Contours (5 and 25m)  are in grey and vegetation height is in the background (I have not bothered rotating the map to magnetic north for this exercise). The blue border shows the OCAD DEM boundary (which is oriented to zone 56)  but I have drawn in the actual boundary of the Taralga tiles’ data with the purple dashes. As you can see the Taralga tiles are sightly rotated relative to the Burragorang tiles, as you would expect since they are oriented to zone 55.

Looking closely
Rotation artifacts

If you look closely there is a little bit of junk in the gaps between the OCAD DEM and the actual (rotated) Taralga tiles.

2. Processing the other zone dataset

Now process the Burragorang tiles – but this time, in the DEM Wizard, make sure it says zone 56 for the DEM tiles.

DEM import next zone
Setting co-ordinate systems for next zone

Now the map looks like this…

Second zone DEM imported
Second zone DEM imported

I have made the Burragorang contours red for the sake of this exercise.

If you look closely at the above image, you can see that there is a large overlap between the westernmost Burragorang tile and the easternmost Taralga tile; almost a whole 2 x 2km tile. It is not always this much. In the area I was looking at before, it was only about 500-600m.

Also in the close-up below, you can see that the red and grey contours  are not exactly the same. This is because the two lidar sets are from different flights: Taralga 2016 and Burragorang 2018. In the other area I was looking at, both lidar sets (zone 55 and 56) were from the same year, and obviously from the same flight, as they matched exactly.

Difference in contours
Close up of difference in contours

The red contours above are more detailed (noisier) as, being more recent, that lidar is higher resolution. If  this map is just for a base map the slightly different contours is not necessarily a problem. But if you want to eliminate the overlapping contours you can crop one set.

3. Eliminate overlap

Since the Burragorang contours are more recent I am going to crop the Taralga contours. Start by hiding the Burragorang (red) contours and draw an area (light blue in this example)  over the parts you want to crop. Then use the Object > crop objects tool. You can also draw the cropping area so as to remove the junk around the edges.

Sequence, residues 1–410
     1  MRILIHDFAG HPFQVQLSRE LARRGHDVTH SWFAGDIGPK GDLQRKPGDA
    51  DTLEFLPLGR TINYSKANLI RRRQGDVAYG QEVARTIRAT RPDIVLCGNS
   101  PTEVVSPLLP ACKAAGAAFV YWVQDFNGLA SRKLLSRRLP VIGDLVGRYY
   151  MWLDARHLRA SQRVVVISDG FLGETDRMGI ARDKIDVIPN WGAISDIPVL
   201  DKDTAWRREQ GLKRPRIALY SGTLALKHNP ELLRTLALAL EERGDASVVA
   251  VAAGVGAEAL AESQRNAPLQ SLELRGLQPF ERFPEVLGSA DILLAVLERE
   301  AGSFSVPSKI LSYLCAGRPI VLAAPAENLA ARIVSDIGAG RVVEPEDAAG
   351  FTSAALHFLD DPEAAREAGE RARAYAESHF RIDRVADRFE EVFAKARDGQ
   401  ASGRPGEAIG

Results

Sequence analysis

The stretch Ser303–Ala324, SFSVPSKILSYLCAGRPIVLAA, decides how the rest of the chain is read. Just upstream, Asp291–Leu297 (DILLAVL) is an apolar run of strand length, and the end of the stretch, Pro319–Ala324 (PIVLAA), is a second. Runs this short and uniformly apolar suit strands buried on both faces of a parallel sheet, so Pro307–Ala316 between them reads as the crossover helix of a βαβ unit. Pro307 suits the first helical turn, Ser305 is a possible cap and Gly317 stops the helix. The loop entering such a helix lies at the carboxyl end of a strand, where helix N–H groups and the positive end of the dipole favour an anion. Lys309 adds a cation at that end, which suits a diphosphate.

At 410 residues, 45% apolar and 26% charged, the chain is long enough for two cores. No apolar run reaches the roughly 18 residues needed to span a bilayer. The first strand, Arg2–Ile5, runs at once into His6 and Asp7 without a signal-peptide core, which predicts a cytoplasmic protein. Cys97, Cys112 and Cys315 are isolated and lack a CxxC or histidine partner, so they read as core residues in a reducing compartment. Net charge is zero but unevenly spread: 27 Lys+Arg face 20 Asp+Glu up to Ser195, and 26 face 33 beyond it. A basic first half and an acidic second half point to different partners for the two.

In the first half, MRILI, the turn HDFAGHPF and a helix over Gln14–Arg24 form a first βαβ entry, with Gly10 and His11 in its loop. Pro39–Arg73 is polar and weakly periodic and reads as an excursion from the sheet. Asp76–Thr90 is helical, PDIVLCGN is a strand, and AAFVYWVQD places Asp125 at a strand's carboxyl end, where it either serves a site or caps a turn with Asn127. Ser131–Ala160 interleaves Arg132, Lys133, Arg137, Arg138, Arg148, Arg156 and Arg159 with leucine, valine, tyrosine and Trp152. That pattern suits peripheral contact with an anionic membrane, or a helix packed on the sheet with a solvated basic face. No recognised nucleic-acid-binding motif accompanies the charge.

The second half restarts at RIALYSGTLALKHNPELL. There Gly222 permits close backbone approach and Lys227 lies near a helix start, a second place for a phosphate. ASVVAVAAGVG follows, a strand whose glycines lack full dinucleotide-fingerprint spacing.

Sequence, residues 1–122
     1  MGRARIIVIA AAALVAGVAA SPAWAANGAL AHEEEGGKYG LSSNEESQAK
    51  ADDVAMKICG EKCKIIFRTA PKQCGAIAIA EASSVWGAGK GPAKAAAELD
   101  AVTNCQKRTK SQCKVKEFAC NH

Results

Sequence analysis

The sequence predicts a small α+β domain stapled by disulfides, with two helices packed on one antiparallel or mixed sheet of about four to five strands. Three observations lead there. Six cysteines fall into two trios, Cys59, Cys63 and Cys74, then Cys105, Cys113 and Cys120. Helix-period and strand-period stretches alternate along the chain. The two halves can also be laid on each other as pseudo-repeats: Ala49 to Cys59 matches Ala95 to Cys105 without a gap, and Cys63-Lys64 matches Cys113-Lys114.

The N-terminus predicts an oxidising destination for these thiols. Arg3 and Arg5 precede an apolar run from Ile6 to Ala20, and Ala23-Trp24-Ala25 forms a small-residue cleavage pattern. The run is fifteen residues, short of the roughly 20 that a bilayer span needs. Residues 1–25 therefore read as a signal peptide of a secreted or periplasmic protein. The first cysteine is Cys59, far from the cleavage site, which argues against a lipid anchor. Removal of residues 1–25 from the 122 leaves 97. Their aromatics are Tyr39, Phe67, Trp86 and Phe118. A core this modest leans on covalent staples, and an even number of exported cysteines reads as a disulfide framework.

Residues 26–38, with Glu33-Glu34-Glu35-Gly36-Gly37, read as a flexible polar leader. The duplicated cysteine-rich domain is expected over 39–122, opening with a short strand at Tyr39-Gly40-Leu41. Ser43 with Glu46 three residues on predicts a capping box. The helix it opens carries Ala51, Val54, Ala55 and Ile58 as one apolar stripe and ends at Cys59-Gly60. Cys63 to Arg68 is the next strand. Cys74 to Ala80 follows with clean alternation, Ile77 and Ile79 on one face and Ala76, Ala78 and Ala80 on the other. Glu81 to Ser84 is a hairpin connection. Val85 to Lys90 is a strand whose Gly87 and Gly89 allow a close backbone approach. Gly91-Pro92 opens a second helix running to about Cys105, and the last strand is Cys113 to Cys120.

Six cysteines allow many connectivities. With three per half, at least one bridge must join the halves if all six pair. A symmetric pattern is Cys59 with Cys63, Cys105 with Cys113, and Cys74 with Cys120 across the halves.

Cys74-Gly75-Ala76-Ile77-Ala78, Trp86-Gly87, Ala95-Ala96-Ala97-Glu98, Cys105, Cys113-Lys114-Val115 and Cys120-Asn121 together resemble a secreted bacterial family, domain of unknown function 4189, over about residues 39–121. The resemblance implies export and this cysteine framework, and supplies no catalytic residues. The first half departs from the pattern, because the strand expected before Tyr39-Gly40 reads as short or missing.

Cropping the overlap
Cropping the overlap

And I get this…

Cropped overlap
Cropped overlap

Unhide the red contours to get this…

The full picture
The full picture

Up close the border between the zones looks like this…

Close up of the join
Close up of the join

Tips

  1. This process, excluding the DEM aspects, can also be used for non-lidar datasets over 2 zones.
  2. If you are new to lidar processing then download one of my DEM templates for use with the DEM Import Wizard. The template has 15 differentially coloured symbols to cover each of the contour selections in the wizard and to avoid confusion with any brown contours in your main or background map. Get one at ocad.com.au/mapping-resources
  3. If you have distortion in a small area, check out Map > Transform > Local transformation. It makes the adjustment of existing maps to geo-referenced base maps (hillshading, orthophotos etc.) easier and more accurate.
Posted on Leave a comment

Downunder Tutorials for Novices & Experts